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Fighting the Global Water Crisis, One Bucket at a Time


Nearly one billion people lack access to safe water, according to Water Missions International. Determined to help change that staggering statistic, more than 170 members of Elmhurst (Ill.) Christian Reformed Church participated in “Walk in a Bucket” on August 4 in the hope of raising awareness and funds for Water Missions International.

“The idea came from an article we read in Christianity Today,” said Anna Wick, a member of Elmhurst CRC’s Community Service Team. “It talked about how providing people in Third World countries with water makes such a radical difference in their lives.”

The goal was to raise between $25,000 and $30,000, which would be enough to adopt an entire community through Water Missions International. To date, more than $30,000 has been raised, with some donations still rolling in.

“The Community Service Team uses the framework that Jesus set out when he left this earth, and that was to go out into Jerusalem, Judea, Samaria, and the uttermost parts of the world,” said Beth Rinsema, director of care at Elmhurst CRC. “We have chosen organizations in each of those categories, with Water Missions being the one in the outermost parts of the world.”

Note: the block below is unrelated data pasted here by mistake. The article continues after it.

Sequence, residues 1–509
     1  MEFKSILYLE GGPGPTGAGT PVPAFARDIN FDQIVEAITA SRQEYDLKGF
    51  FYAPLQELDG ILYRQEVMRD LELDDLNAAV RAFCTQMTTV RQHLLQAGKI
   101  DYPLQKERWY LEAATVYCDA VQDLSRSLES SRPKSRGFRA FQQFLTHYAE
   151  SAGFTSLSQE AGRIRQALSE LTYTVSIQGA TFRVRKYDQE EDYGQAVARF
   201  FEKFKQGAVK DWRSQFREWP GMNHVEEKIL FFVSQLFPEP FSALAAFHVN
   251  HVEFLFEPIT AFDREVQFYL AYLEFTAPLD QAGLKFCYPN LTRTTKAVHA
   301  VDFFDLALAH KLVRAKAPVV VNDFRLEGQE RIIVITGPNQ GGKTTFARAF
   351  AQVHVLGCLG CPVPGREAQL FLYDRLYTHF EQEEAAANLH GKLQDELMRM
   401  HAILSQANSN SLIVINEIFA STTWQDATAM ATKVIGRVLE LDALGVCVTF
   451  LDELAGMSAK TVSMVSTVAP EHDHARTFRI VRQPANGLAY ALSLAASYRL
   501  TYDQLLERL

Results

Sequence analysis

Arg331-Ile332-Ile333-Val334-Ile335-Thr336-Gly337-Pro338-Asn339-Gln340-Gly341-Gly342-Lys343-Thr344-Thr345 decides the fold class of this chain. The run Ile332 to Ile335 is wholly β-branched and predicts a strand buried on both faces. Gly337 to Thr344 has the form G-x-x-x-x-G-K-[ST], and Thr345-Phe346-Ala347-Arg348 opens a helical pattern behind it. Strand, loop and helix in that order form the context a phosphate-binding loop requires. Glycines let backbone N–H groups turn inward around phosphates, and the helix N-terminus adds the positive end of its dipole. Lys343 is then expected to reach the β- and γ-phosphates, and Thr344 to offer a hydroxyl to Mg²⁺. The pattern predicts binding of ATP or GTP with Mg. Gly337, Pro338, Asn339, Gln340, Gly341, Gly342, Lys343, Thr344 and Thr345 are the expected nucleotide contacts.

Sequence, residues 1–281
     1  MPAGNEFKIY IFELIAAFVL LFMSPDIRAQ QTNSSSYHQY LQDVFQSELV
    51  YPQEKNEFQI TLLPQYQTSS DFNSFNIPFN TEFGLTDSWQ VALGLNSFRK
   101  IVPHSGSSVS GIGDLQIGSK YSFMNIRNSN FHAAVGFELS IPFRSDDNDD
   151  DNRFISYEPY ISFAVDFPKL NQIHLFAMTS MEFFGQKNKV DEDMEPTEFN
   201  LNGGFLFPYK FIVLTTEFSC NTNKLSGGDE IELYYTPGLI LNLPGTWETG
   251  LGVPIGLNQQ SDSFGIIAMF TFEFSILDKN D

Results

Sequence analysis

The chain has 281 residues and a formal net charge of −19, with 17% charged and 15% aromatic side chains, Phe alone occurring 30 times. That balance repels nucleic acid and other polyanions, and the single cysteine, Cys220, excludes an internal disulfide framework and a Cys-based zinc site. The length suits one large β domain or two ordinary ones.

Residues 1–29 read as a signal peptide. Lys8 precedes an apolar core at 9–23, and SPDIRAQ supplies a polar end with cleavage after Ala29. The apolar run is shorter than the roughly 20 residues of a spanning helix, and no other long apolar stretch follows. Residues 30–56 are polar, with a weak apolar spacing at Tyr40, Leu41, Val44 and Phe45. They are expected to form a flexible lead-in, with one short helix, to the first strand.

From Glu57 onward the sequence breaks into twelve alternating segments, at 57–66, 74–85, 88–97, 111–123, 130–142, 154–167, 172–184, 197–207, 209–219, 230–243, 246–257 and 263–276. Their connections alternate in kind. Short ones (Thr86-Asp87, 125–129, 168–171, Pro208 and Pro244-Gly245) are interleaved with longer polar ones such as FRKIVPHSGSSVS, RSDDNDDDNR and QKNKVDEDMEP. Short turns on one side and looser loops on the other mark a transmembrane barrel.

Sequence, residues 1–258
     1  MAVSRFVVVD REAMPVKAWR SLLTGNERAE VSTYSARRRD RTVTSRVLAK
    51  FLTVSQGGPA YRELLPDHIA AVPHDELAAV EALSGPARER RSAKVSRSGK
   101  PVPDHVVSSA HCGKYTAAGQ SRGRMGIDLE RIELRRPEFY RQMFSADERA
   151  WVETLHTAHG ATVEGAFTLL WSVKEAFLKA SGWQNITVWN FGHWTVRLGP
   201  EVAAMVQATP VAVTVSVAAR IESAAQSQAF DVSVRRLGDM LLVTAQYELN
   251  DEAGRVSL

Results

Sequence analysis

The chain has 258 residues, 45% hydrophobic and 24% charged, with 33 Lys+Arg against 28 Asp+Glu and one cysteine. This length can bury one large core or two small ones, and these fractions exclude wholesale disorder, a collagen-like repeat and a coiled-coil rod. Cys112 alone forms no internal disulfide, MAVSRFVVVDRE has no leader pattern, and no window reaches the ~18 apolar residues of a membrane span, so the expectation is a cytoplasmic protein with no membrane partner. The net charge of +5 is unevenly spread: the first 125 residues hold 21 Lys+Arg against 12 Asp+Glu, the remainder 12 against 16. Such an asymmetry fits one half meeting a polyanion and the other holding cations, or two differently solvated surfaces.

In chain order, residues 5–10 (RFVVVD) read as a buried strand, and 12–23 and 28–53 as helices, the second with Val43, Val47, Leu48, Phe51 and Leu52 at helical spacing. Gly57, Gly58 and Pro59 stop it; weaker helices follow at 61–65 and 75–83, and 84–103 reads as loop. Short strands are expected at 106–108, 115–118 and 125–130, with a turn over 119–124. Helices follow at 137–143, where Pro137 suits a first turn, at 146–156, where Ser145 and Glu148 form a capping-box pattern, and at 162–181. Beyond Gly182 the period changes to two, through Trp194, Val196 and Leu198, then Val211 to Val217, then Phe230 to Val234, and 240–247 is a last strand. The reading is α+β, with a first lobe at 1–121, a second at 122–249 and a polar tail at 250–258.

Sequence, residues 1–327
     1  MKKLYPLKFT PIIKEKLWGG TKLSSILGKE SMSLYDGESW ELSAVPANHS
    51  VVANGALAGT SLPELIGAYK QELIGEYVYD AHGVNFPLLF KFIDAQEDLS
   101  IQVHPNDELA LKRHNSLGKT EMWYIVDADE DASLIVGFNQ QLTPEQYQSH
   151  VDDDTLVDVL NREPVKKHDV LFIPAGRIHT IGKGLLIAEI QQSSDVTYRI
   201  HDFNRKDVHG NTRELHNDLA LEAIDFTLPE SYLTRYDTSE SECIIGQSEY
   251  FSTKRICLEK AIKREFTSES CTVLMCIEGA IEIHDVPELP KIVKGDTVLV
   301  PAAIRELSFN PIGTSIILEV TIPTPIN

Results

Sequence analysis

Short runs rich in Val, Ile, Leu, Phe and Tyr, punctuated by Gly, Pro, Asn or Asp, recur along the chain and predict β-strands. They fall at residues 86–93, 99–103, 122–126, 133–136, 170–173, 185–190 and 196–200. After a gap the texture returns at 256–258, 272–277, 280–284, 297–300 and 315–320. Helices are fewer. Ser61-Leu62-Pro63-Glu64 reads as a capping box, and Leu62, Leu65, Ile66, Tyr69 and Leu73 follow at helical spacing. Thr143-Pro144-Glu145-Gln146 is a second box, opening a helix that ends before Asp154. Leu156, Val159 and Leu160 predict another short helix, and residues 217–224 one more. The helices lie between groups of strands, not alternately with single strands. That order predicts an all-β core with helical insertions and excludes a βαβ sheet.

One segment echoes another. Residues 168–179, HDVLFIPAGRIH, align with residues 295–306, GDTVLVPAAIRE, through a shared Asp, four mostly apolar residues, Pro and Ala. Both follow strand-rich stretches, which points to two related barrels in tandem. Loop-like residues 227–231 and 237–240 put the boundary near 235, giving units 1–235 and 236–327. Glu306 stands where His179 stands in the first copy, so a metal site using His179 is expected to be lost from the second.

Participants were encouraged to wear blue shirts and carry a bucket to a creek via a specified route, reenacting the trek that millions of women and children make in developing countries. Several families participated, which encouraged lessons to be shared between parents and children.

“It was important to show and explain to my kids that it isn’t a ‘normal’ thing for everyone to turn on the faucet, grab a bottle of water from the refrigerator, or even to be able to take a bath,” said Josh Becvar, who participated with his wife and three children. “This showed them, and me, how we are fortunate to have what we have. It also helped us all understand how important it is for us to help people to simply have clean water, something we take for granted.”

Water Missions International commits to staying a year in a community and not only gives the people a water system, said Rinsema, but also teaches them how to use it and repair it while teaching them about health and nutrition. Wick said they expect to receive updates, including photos, on the adopted community and they plan to keep the church informed about and praying for the people there.

“Our church’s mission contains the following: ‘God’s source of shining light and living water  . . . serving like Jesus.’ We believe this event tied directly to our mission statement to provide water, life, and serving as Jesus would—to some of the poorest people on earth,” Becvar said. “Jesus never overlooked the poorest, but rather served them. We believe this is our duty as well.”

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